When Eskarina was born she was bestowed with a dying wizard's magic staff and his powers because the wizard mistakenly thought she was the eighth son of an eighth son. Granny Weatherwax, the town witch who delivered young Esk, knows that the girl must now learn to control the extraordinary powers she has been bequeathed before they start to control her. She takes Esk under her wing and begins to teach her about witchcraft and magic. After Esk has had several years of apprenticeship, Granny decides to enroll Esk in Unseen University, the training ground for wizards. The two of them set off for Ankh-Morpork, the home of the famous wizard school. But everyone in Discworld knows that wizardry is the bastion of men and that a woman can never become a wizard... or can she?

In "Equal Rites," Terry Pratchett parodies gender stereotyping and discrimination as Esk is confronted with society's view of the differences between witchcraft, a traditionally feminine profession, and wizardry, an exclusively male domain. As Granny sees it, wizardry is high magic composed of science, "jommetry" and power, while witchcraft is a magic grounded in nature, herbs and "headology." Esk feels she can handle either type of magic and she turns wizardry on its ear as she proceeds to demonstrate what she can accomplish. Before reading this book, I thought that Rincewind was the most bumbling of wizards. I now realize that Unseen University is full of them!

This book is not as wickedly funny as the two books that precede it, but it does contain several humorous scenes such as the magic conjuring duel between Granny and the Archchancellor of the university. Although Pratchettisms are sprinkled here and there throughout the book, the story line takes precedence over the satire.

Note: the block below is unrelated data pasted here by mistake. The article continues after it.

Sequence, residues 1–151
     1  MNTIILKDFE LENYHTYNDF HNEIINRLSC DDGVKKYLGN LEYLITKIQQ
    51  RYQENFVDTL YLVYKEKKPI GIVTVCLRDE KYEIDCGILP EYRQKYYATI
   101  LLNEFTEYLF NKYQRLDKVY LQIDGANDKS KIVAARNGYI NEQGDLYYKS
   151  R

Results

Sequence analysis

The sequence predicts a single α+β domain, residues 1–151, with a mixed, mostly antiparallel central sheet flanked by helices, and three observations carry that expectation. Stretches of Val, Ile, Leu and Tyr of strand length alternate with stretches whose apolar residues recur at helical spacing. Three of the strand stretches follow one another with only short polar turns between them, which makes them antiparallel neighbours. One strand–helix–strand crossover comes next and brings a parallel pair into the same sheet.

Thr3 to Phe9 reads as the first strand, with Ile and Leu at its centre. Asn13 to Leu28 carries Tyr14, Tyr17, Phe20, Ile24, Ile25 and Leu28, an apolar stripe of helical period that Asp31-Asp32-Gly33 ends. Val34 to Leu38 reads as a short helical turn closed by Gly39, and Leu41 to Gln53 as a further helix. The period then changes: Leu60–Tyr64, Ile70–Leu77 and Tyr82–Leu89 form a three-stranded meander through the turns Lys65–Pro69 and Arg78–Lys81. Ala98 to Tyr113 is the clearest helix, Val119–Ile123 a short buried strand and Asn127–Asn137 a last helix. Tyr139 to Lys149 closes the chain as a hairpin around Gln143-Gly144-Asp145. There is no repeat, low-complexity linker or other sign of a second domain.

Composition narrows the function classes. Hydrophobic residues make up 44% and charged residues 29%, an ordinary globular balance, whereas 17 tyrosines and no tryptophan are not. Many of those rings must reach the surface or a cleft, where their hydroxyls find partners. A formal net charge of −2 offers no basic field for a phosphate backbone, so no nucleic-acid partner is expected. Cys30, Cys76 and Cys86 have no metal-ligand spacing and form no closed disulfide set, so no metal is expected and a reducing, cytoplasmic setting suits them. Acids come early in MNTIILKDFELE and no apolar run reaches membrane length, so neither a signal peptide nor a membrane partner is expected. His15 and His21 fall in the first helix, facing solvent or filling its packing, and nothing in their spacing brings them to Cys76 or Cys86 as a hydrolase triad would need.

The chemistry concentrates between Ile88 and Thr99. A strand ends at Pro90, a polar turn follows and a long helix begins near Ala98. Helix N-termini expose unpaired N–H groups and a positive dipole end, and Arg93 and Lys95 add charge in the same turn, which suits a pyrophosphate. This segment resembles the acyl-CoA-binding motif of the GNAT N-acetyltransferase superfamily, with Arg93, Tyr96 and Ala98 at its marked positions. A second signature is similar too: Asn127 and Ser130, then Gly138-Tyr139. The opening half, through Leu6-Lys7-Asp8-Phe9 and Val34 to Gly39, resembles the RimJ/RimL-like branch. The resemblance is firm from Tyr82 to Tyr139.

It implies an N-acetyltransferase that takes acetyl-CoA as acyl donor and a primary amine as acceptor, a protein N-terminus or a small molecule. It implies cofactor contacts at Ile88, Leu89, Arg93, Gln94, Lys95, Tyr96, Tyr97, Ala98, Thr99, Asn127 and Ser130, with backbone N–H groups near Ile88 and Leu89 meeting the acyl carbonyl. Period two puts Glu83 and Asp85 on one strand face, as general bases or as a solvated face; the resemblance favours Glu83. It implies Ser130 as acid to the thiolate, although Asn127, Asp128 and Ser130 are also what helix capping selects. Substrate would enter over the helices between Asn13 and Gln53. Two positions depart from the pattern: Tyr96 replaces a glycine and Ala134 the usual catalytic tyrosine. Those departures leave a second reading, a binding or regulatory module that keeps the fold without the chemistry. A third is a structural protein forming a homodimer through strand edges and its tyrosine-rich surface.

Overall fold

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10 of 10 people found the following review helpful By Mike Stone on December 30, 2000
Format: Mass Market Paperback
Pratchett seems to love the character dynamic between the Curmudgeon and the Innocent, when both are working together towards the same goals. He used this to great effect with Rincewind and Twoflower in the first two books of his Discworld series, and it pops up again here.
Granny Weatherwax (the curmudgeon) is a witch. She is charged with steering 8-year old Esk towards wizardry. Only Esk is a girl, and as we all know, girls can't be wizards. She was supposed to be the eighth son of an eighth son, but somebody messed up the paperwork. It is this conflict that is central to the book. Pratchett does a nice job lampooning the (perceived) differences between men and women (i.e., practical vs. intuitive knowledge; book study vs. study of nature, etc.) that exist in our world, transporting them to his own imagined landscape. That's to be expected from a book punnishly titled "Equal Rites". On top of that, we get a cunning parody of institutes of higher learning. Unseen University (where boys go to become wizards) and its hierarchy of learned scholars knocks the stuffing out of scholastic life.
All the Pratchett devices are back for another run through the ringer. Along with the above mentioned character types, we also have some silly humour (a group of marzipan ducks magically anthropomorphize, only to melt when they take to the river; "that's natural selection for you," comments the cheeky narrator). And another inanimate object without a face inexplicably manages to make facial expressions. Twoflower's Luggage has an heir apparent in Esk's magic staff. Some comments I've read state that Pratchett relies too heavily on these devices in later books. Well, it's only three books into the series, and I still find them fresh and interesting. Time will tell, though.